Wednesday, November 28, 2012

The clash between college controlled content and social media reporting

College-controlled content collides with traditional media coverage
Published on National Sports Journalism Cente... | shared via feedly

Broadcast rights are one thing, but some in the media think it may be more about old-fashioned competition. Seattle Times sports editor Don Shelton told his paper's relationship with the University of Washington as antagonistic and "it's not a partnership at all."

Washington employs its own writer who tweets on his own account during games and the school hosts live chats during the week – something a Seattle Times reporter was doing until the school said such activities infringed on its broadcast rights.

"We started doing live chats almost every day at noon and had beat reporters do it, and the University of Washington liked it, so they did it themselves then stopped the Seattle Times, [saying] it infringed on broadcasting rights," Shelton told "It's not a partnership at all; it's definitely an antagonistic relationship."

New media has redefined that relationship between traditional media outlets and the teams they cover. They are both seeking to reach their audiences with exclusive content on their own platforms. The "need" for schools to get media coverage – which formed that original partnership – is obsolete.
This is an interesting column from Ronnie Ramos, the NCAA's Managing Director for Digital Communications. Traditionally, schools and their conferences have relied heavily on the legacy media to provide coverage of their athletic events. Almost since the dawn of sports news coverage, media outlets have assigned beat reporters to a particular school, conference or sport to produce news, analysis and opinion on college athletics.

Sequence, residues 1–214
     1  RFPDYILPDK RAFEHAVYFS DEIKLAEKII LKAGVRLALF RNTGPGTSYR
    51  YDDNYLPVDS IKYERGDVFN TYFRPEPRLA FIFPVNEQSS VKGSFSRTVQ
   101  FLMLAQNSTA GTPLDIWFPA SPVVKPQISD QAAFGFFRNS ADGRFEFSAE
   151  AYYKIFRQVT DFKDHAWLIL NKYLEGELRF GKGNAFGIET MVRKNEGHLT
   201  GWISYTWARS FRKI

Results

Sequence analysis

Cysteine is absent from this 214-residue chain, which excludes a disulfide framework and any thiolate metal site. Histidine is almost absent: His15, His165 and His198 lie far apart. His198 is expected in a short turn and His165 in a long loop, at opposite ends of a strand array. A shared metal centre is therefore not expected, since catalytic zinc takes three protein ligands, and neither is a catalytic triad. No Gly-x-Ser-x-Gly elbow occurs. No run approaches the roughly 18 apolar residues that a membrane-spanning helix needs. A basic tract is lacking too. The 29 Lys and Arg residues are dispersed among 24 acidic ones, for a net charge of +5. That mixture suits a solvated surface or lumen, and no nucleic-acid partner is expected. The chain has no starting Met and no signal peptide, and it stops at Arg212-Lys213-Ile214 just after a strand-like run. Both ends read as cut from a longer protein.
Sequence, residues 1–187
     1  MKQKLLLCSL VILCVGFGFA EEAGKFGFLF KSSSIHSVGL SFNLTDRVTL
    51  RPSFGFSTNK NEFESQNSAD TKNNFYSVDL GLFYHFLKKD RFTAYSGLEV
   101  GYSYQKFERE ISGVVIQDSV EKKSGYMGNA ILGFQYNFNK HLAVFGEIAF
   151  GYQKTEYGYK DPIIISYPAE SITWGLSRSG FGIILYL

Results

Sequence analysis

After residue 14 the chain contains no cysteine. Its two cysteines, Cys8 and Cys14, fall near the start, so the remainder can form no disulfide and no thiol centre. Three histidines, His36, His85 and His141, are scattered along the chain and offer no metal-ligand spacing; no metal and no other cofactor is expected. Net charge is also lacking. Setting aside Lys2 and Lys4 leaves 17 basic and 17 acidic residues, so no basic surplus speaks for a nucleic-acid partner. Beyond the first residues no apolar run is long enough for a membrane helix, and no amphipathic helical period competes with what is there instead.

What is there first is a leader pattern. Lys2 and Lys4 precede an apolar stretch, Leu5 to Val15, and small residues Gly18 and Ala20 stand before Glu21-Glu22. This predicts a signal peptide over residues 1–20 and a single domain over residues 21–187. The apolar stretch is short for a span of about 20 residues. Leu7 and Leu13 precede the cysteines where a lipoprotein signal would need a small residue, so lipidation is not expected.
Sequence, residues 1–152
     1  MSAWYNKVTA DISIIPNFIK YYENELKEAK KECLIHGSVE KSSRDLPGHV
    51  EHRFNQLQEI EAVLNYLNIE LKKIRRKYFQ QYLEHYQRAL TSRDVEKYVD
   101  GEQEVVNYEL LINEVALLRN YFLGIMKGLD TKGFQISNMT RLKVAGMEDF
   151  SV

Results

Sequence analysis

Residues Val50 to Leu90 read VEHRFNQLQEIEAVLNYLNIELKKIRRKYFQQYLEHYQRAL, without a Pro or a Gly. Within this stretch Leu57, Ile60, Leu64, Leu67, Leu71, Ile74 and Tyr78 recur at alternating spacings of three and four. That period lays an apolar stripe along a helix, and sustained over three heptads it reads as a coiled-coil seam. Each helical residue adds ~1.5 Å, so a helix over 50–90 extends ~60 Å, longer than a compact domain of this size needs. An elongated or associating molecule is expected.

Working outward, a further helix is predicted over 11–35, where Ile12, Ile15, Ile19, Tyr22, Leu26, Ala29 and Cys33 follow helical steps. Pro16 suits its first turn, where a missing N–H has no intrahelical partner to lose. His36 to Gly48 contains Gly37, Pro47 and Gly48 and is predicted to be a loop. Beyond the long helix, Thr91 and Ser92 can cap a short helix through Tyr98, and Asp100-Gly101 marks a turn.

The rights to broadcasting those events--be it via television, radio and now the internet--have belonged to the schools and conferences. For championship events sponsored by the NCAA, those rights belong to the league. Those broadcast rights are worth billions.

Enter the advent of social media and the traditional relationship changes. The same sports journalists that the schools relied on to provide coverage--and to whom they granted incredible access--are now seen as competitors when they "live tweet" or "live blog" an event.

At what point does live tweeting and blogging become a competitor? If you tweet too much or update the live blog too often, are you seriously infringing on the school or conference right to provide live coverage?

As Ramos points out,  both the institutions and the media are constantly looking for new ways to engage and inform their audiences. Both have taken to social media as a way to do so. If a reporter with 40,000 followers on Twitter is providing more frequent coverage of a live event than the school's twitter feed with around 16,000 then the reporter's reach might be seen as a threat to the school's ability to draw a greater following.

Frankly, until someone figures out how to monetize a twitter feed this issue isn't going to cause a big storm. Yes, some fans may elect to follow a twitter feed rather than tune or log into a broadcast. And yes, the feed with the greater reach and credibility is probably going to get more action than the smaller one.

It's only when those billions in revenues are threatened--or when a new source of revenue draws competition--that things can start getting hairy. The Washington beat writer who received the reprimand might next see his credentials yanked for tweeting too much. At that point, Mr. Sports Reporter becomes no more influential than the Average Joe watching the game from the stands, on TV or the internet.

Social media is changing how fans get information. That's as true in sports as it is in politics and pop culture. The question is how these changes will affect the depth and quality of the information they get.

May you live in interesting times, indeed.


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